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RCMP Heritage Centre to begin transition to national museum

The centre has seen a pivot to focus on truth and reconciliation.
Tara Robinson and Sam Karikas are pictured here with the Honourable Randy Boissonnault, Canada's Minister of Tourism, during a visit to the RCMP Heritage Museum. To Boissonnault's immediate right is Robinson, and to her right is Karikas

REGINA — Tara Robinson has announced her resignation as chief executive officer of the Royal Canadian Mounted Police (RCMP) Heritage Centre as of March 31, while Sam Karikas, the centre's current director of Strategic Initiatives, has been appointed as interim CEO.

Robinson was appointed in July 2021 to oversee the Heritage Centre's transition to a National Museum. 

"It is with deep regret, but with respect and gratitude that the board accepts Tara's resignation. We value her leadership, commitment, and dedication to the Centre's success," said Kevin Doherty, board chair of the RCMP Heritage Centre.

"The board is excited that Sam will assume the role of Interim CEO. Her experience on the project has proven invaluable, ensuring continuity and a rich understanding of the market, landscape, sector, and federal process to become a National Museum."

A press release announcing the change in CEOs noted that:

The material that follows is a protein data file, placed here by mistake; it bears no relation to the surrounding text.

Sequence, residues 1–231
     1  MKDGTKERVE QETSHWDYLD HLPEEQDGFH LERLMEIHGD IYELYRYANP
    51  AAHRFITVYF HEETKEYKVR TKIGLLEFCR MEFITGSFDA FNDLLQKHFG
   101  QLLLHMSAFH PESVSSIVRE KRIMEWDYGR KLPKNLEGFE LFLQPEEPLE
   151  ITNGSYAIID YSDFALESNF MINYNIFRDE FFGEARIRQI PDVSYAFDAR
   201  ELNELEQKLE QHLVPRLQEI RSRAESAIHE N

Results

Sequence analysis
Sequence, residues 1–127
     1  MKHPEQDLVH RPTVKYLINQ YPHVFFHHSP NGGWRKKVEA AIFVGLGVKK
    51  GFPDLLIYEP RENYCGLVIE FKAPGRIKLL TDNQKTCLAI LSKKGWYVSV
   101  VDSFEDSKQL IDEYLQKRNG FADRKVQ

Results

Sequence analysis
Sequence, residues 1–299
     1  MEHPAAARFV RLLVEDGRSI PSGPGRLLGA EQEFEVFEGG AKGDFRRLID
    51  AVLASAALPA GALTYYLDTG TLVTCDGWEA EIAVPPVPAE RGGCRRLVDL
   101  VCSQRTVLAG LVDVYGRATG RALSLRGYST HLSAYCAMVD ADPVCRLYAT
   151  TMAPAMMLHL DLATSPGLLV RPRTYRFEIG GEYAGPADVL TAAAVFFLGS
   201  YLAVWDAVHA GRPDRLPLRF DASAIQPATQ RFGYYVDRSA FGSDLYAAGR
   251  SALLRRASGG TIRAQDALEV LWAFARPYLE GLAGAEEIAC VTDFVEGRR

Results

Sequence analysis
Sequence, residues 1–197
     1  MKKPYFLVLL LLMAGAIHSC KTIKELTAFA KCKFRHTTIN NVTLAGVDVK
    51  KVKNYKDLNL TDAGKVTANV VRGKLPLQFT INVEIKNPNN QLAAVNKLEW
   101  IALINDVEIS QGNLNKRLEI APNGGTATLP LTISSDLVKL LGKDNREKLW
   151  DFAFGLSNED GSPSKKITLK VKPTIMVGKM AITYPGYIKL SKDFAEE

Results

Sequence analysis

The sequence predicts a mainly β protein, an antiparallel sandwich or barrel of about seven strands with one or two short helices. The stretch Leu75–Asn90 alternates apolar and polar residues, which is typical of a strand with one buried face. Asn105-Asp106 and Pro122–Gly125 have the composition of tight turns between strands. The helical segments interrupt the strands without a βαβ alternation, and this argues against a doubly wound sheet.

"Over the last 21 months, (Robinson) has built a dynamic team to implement transformational change and develop a new vision to become Canada's newest National Museum. Under her leadership, the RCMP Heritage Centre is well positioned for excellence in Canada's cultural landscape and as a tourist destination."

Robinson has overseen the creation and implementation of new programming and guest experiences for the centre, including a virtual educational series whose participation has grown from a few hundred to more than 11,000 students across Canada.

The centre has also seen a pivot to focus on truth and reconciliation. Strong relationships with Indigenous community partners have helped to establish exhibits such as The Witness Blanket, which was open to the public from Feb. 17 to Mar. 15. The blanket is a large-scale work of art by Carey Newman that contains 880 art items items reclaimed from residential schools, churches, government buildings, and traditional and cultural structures from communities across Canada.

"It has been a great privilege to help build the vision for a National RCMP Museum," Robinson said in the release. "I am so proud to have been part of this important and historic journey.

"I am thrilled for Sam to take the leadership role and have great confidence that with her commitment and passion, she will take the ventre to the next exciting level."

Karikas has been working on the RCMP Heritage Museum National Status project for nearly three years, including as a consultant prior to joining the Centre's executive team.

She led key projects such as the National Status Canada-wide engagement survey, the development of the 2023-26 strategic and corporate plans, and has fulfilled critical leadership roles during the implementation of organizational and operational transformations.

"I'm so grateful to have been part of the Centre's Executive team setting a bold, new vision as we look toward the future," Karikas said. "This is a great honour for me. I'm excited to lead the Centre, and this incredible, passionate team as continue toward National Status. We're doing great things every day here and I can't wait to show the world what we've got going on."